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Endodontic Disease in Horses

Apical Osteitis, Periapical Disease

By

Jack Easley

, DVM, MS, DAVDC (Equine), DABVP (EQ), Easley Equine Dentistry, Shelbyville, KY

Reviewed/Revised Feb 2024
Topic Resources

Periapical infection in horses most commonly affects the second and third cheek teeth (premolar 3 [Triadan 07s] and premolar 4 [Triadan 08s]) in both the upper and lower arcades. The pulp chamber of the teeth may become infected by various routes, including hematogenous (anachoretic pulpitis), periodontal, or from direct crown insult. In horses, hypoplasia of the cementum in the infundibula of the upper cheek teeth may predispose the animal to infundibular caries, leading to subsequent pulpitis and apical osteitis. The pathologic features of dental decay often affect tissues in the surrounding region; infection of the tooth may be accompanied by maxillary sinusitis, local cellulitis, periostitis, alveolar periodontitis, or fistula formation. Consequently, the specific tooth affected by apical infection in a horse or llama may be difficult to identify. Many animals are not examined until the infection is advanced. Tooth fractures discovered on examination may be secondary rather than primary. In some species (eg, the horse), apical osteitis and pulpitis may be initiated by abnormal eruption and dental impaction. The cause of apical osteitis in cattle and New World camelids may be similarly influenced.

When dental decay is advanced, extraction of the affected tooth is recommended. In horses, historically, decayed teeth were surgically repulsed from their roots into the mouth. Since the early 2000's, oral extraction under sedation has replaced repulsion in almost all cases, by use of specific equipment, careful techniques, sedation, and nerve blocks. These techniques limit the damage to the apical aspect of the alveolus (as occurs during repulsion) and enable a more controlled extraction of the tooth. Extraction techniques using intraoral forceps are the best way to remove a diseased cheek tooth with an intact clinical crown. Crown sectioning (coronectomy) may be required for oral delivery of some teeth that have crown or roots deformities.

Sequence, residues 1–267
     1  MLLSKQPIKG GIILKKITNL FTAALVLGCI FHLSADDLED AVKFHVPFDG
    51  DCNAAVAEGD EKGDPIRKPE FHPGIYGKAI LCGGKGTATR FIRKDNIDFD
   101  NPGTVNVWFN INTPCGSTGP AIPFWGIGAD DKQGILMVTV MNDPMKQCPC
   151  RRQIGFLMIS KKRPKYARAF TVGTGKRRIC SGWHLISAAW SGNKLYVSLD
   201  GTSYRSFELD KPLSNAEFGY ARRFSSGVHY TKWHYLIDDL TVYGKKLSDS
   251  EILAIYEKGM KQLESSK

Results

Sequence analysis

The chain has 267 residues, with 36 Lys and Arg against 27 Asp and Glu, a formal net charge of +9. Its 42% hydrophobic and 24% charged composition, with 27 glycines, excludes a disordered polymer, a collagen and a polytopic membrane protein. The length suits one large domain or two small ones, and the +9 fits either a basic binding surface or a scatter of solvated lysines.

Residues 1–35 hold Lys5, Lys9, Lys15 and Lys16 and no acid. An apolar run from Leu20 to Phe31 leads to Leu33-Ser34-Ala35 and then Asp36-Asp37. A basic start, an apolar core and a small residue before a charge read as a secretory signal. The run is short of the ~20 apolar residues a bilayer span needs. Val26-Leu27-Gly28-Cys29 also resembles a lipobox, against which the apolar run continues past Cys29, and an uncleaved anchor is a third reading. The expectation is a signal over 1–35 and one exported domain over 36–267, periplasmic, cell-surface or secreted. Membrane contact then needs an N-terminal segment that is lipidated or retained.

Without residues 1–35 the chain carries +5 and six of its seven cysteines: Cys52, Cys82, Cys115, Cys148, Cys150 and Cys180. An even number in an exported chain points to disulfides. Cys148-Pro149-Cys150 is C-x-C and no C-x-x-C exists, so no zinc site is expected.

After extraction, the socket should be cleaned carefully to remove all fragments of diseased bone and tooth. Dental acrylics, dental waxes, and wound packs should be used to protect the socket from food materials so that it can heal properly. After dental extractions, the adjacent teeth gradually move to close the gap in the dental arcade. However, this process is never complete, and the occluding arcade will not wear normally at the location opposite the missing teeth; the resulting irregularities should be corrected by grinding and realigning the arcades every 6–12 months.

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